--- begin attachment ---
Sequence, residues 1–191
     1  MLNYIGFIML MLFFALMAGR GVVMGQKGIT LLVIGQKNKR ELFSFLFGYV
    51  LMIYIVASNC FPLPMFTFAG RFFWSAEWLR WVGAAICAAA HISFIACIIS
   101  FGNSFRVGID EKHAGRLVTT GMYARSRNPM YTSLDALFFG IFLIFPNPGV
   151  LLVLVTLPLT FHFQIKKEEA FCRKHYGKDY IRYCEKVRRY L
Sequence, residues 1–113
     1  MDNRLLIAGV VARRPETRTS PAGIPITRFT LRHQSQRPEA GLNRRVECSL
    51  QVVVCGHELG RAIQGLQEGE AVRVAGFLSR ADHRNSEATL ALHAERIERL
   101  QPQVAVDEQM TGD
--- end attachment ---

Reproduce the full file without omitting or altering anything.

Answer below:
Sequence, residues 1–191
     1  MLNYIGFIML MLFFALMAGR GVVMGQKGIT LLVIGQKNKR ELFSFLFGYV
    51  LMIYIVASNC FPLPMFTFAG RFFWSAEWLR WVGAAICAAA HISFIACIIS
   101  FGNSFRVGID EKHAGRLVTT GMYARSRNPM YTSLDALFFG IFLIFPNPGV
   151  LLVLVTLPLT FHFQIKKEEA FCRKHYGKDY IRYCEKVRRY L
Sequence, residues 1–113
     1  MDNRLLIAGV VARRPETRTS PAGIPITRFT LRHQSQRPEA GLNRRVECSL
    51  QVVVCGHELG RAIQGLQEGE AVRVAGFLSR ADHRNSEATL ALHAERIERL
   101  QPQVAVDEQM TGD